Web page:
The Allocation of Publicly-Provided Goods to Rural Households in India: On Some Consequences of Caste, Religion and Democracy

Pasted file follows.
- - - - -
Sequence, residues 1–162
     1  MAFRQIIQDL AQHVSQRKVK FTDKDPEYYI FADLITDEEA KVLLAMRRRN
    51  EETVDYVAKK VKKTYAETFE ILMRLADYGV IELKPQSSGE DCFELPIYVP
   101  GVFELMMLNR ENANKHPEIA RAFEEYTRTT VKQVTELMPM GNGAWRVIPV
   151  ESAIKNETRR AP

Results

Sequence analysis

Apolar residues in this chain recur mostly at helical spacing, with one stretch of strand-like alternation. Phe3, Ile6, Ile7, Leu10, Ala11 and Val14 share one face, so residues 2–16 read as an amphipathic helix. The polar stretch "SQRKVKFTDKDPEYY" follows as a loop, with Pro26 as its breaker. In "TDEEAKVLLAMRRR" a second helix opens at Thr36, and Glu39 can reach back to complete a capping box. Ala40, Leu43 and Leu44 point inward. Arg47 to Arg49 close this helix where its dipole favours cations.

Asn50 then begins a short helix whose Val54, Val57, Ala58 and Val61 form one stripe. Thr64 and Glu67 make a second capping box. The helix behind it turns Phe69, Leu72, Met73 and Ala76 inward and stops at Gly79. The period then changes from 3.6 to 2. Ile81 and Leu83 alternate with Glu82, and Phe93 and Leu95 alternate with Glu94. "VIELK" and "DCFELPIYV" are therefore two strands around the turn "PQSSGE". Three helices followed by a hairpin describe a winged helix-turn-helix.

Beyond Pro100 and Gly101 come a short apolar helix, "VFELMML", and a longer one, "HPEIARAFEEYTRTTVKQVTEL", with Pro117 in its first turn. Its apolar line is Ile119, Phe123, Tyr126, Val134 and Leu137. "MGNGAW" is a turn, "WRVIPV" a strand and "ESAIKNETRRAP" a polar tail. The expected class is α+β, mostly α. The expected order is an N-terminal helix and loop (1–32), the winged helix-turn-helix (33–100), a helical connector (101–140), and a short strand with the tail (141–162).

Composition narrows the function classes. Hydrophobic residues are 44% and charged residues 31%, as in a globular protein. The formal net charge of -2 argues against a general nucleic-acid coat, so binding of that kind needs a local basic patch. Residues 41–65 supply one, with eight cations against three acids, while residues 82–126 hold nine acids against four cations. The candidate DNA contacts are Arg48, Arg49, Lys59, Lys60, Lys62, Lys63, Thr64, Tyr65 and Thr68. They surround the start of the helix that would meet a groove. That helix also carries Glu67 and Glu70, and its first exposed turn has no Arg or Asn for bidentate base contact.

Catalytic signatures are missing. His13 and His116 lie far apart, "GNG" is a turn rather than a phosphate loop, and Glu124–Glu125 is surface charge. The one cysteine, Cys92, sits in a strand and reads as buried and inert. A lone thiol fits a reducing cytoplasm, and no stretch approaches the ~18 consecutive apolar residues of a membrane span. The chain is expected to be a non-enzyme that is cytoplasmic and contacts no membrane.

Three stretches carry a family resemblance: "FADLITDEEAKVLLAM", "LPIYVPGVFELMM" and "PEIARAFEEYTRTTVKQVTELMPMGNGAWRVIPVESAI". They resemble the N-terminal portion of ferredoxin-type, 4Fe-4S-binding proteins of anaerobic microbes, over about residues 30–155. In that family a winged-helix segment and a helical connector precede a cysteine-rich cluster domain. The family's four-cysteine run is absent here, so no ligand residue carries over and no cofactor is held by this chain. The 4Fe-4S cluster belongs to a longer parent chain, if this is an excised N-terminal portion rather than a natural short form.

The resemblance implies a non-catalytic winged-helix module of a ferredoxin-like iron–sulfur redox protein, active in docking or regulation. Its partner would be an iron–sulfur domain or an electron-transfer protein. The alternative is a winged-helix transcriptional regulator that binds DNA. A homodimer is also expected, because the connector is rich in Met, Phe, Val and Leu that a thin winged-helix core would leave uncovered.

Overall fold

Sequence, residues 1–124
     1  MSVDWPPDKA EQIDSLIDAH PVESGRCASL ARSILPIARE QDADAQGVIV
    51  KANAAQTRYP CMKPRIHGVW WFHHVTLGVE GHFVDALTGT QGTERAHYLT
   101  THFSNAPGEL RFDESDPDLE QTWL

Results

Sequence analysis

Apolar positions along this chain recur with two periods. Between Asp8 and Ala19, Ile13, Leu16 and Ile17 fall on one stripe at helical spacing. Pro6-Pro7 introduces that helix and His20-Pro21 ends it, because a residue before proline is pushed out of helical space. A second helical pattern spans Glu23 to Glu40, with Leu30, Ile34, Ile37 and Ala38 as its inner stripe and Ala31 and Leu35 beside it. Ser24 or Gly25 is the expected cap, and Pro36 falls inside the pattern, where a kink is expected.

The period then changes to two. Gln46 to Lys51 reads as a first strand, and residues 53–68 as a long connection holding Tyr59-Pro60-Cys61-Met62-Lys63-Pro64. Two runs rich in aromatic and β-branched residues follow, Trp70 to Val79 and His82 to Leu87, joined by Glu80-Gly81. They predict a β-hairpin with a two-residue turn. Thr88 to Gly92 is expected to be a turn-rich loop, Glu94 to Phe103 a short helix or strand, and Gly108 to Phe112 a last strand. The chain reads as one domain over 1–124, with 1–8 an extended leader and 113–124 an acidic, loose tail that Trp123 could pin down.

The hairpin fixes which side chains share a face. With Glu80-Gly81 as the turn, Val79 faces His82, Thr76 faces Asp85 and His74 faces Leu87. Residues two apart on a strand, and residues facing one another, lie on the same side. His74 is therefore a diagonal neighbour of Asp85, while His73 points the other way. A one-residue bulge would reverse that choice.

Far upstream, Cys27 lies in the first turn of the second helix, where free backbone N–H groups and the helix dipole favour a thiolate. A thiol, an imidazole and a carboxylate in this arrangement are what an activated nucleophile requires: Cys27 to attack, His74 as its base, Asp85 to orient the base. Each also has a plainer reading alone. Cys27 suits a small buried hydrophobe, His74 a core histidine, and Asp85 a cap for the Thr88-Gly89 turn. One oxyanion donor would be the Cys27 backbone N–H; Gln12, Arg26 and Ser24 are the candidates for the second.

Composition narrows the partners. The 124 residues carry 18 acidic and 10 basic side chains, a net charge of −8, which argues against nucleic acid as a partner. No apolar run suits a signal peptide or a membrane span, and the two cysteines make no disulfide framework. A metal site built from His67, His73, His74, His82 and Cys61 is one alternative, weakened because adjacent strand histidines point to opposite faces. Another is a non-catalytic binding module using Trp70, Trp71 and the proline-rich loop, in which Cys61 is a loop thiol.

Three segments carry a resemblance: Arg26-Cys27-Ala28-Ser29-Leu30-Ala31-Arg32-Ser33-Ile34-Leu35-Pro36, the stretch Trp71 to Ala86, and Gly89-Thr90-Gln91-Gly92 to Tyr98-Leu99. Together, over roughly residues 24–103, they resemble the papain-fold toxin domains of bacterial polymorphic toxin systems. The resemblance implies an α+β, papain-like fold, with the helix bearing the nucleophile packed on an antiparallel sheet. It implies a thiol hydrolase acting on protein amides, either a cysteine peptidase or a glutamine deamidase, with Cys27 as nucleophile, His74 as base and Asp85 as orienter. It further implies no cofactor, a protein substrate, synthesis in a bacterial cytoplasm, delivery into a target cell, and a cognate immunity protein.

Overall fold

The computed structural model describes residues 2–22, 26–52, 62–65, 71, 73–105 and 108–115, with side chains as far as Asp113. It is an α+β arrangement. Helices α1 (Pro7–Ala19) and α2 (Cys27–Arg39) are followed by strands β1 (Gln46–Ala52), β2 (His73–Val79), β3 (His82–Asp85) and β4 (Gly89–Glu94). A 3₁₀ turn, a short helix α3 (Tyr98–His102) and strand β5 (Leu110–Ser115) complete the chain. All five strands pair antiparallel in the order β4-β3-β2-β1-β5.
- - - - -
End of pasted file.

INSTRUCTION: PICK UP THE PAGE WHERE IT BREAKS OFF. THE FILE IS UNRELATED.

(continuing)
In this study we address the following question-- what determines the allocation of publicly-provided goods to rural households in India? Our paper is empirically driven but we draw on the characteristics of India's institutional structure and the implications of existing literature for framing the answer to this question. We confront the main empirical implications drawn from this frame of reference with a unique data set for India which brings together the widely used district data with a recently constructed data set on political participation. Our empirical results identify four important determinants of the outcomes of this allocation process: formal and informal characteristics of each state allocation mechanism, selectivity in the allocations against Muslims and scheduled castes; bureaucratic rules and behavior; and characteristics of the electoral participation process.
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